The History of African Classroom Connection
Eshowe is a small regional town, primarily agricultural, in the state of KwaZulu-Natal, South Africa, about 100 miles (150km) north of Durban. The population is predominantly Zulu. Eshowe has a rich history as a former British administrative center. It's famous for a natural area called the Eshowe Forest.
In 1977 the Rotary Club of Eshowe assisted in the formation of the Eshowe Christian Action Group (now the Eshowe Community Action Group or, as it is known world-wide, the ECAG). The desperate need for a Secondary School in the growing township of Gezinsila (now King Dinizulu Suburb), near Eshowe, had come to the attention of the local Rotarians.
Umphezeni Seconday School under a tree 2009
They invented a clever arrangement. A local community would raise a 10% deposit (these days about $1,400, a large sum in rural South Africa), then ECAG would find an organization or individual to provide the other 90% (now about $13,000). They found engineers to develop a simple standard classroom design, easily duplicated, so that every school would be easy to build and safe for the students.
The arrangement has worked. The local community's investment means the people respect and care for their school. The standard plan ensures that common materials and readily-available skills are used in construction of each school.
Umphezeni School construction 2010 THANKS TO YOU!
The day-to-day running of the program is done through the offices of Makhoba Volbrecht & Associates. Their work is overseen by a management committee consisting of Rotarians, headmasters, Department of Education and Culture officials and other Provincial Government officials.
Emmanuel, engineer for ECAG school building projects, at Emasundwini School.
The organization has, to date, achieved the building of nearly 4,000 classrooms and laboratories at 800 locations.
The program presently has deposits for over 90 classrooms from communities waiting for assistance. This is their only hope and, due to lack of funds, some communities have been waiting for 7 years. Many of these schools are in remote areas, and this makes assistance from the KwaZulu-Natal Provincial Department of Education and Culture very difficult and unlikely.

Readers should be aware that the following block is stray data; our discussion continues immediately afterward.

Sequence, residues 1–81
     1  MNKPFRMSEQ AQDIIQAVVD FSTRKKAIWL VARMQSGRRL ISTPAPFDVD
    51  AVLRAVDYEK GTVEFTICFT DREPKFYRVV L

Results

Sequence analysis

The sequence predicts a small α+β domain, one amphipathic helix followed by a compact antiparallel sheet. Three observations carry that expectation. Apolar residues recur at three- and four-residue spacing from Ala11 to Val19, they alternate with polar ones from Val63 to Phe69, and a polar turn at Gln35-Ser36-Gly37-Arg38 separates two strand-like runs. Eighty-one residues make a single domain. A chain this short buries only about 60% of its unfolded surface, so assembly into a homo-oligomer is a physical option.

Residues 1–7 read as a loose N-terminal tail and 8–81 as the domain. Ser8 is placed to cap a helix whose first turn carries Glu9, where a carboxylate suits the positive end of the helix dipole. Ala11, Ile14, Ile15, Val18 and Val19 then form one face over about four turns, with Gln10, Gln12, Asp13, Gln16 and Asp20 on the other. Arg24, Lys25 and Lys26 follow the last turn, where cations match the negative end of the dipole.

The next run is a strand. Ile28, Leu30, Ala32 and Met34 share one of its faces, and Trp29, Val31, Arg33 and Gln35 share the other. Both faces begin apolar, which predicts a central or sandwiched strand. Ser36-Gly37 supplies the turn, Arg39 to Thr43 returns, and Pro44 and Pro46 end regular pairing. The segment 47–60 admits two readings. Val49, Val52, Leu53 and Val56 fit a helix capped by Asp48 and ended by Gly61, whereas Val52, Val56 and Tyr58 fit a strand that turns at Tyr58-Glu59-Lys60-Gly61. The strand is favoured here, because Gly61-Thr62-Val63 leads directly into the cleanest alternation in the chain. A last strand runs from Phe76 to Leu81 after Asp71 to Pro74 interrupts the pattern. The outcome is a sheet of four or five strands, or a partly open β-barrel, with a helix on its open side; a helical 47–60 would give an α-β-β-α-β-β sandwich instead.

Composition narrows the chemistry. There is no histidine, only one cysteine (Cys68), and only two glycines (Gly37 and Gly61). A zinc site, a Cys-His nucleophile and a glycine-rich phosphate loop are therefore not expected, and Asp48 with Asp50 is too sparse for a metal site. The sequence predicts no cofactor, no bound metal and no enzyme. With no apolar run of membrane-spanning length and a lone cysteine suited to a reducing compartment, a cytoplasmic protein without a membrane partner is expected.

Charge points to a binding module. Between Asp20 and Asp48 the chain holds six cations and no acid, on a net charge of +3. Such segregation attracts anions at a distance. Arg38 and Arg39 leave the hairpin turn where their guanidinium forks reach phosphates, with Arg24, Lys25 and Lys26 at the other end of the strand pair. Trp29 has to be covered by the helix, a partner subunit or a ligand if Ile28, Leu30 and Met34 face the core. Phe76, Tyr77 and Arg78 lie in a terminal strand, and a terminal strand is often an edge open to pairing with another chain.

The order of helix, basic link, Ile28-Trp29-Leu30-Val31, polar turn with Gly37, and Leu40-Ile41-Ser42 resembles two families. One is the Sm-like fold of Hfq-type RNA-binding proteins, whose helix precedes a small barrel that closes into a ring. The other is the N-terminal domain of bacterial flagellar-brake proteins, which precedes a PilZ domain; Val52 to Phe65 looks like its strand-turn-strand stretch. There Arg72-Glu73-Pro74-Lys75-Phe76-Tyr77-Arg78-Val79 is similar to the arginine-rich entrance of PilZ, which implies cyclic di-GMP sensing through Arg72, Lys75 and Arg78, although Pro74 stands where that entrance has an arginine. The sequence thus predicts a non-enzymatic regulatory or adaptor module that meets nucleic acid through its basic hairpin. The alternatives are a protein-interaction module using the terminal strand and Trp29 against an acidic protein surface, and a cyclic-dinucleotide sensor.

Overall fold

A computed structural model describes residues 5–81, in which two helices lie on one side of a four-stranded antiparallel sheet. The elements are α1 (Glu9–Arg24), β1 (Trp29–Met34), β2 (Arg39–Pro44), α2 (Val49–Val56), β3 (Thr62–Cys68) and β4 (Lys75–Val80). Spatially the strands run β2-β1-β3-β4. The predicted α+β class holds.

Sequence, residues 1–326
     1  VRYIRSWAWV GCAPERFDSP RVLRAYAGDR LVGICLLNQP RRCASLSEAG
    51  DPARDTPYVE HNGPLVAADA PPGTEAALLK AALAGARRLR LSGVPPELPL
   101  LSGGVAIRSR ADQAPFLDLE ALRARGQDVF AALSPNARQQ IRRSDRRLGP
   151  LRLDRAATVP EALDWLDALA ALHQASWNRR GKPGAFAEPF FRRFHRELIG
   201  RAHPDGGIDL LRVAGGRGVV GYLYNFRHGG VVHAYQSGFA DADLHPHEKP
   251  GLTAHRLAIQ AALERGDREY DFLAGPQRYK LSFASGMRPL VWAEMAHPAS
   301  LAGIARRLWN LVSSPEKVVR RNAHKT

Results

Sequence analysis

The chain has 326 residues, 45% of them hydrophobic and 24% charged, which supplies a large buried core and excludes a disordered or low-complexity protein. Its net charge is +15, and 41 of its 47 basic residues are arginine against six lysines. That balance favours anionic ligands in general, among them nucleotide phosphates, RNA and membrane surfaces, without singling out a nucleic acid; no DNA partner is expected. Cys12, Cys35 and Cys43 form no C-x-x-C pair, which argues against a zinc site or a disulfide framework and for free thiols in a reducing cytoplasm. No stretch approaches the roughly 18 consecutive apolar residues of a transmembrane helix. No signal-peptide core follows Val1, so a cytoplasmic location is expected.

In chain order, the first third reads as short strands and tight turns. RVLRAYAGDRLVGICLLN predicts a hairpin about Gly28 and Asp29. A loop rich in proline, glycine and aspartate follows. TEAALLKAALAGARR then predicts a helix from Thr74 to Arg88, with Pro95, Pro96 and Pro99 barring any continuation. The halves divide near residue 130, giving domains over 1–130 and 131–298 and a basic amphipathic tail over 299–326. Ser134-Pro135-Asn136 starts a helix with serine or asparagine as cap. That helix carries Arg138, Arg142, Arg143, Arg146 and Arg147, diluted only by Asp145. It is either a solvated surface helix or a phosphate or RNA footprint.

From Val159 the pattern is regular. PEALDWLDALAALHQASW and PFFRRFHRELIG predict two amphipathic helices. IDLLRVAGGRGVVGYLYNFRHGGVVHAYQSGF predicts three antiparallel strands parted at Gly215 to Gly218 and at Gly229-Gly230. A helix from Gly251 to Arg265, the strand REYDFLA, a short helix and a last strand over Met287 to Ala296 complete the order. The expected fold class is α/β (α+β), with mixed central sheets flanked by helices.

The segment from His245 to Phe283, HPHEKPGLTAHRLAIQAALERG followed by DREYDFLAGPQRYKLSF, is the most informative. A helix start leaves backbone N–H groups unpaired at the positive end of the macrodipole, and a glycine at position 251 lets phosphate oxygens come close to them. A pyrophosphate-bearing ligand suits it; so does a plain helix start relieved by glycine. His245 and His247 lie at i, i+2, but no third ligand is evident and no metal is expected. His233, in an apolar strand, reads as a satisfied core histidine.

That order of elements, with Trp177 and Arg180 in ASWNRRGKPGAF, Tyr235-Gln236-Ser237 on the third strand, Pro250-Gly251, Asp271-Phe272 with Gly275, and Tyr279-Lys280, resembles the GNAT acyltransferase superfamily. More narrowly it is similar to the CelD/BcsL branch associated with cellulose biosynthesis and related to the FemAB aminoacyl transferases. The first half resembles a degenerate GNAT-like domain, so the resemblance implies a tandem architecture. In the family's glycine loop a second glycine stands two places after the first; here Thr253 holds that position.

This "self help" project has, and continues, to provide basic education for thousands of Zulu children who live on the margins of society by providing adequate facilities which are more conducive to learning than what they have had in the past.
The learners are between 5 - 21 years old. Thousands of these children do not go to school, not through any fault of their own, but rather due to a lack of educational facilities. In rural South Africa, there are no libraries, movie theatres, or other places where children can learn about the world outside their community.
Africa Classroom Connection was founded in 2006 to provide Americans a way to contribute to these projects with the assurance that their support will be carefully monitored and tax-deductible. Since our founding we’ve helped more than 37,000 kids by building 109 classrooms. Click here for a list of all of the classrooms that we’ve built.
What can you do to help these children learn? Volunteer your time and skills, tell your friends about ACC, sponsor or make a presentation at your service club or church. Contribute financially by making a contribution or sponsoring a classroom. Learn about the children who, like your own, have dreams.
Here are some video links from YouTube of our November 2007 group trip to South Africa:
- Let It Shine in Zululand
- Ingoma boys dance at a South African school in Zululand
- Boys dance
- Xavier embarrasses a girl in Zululand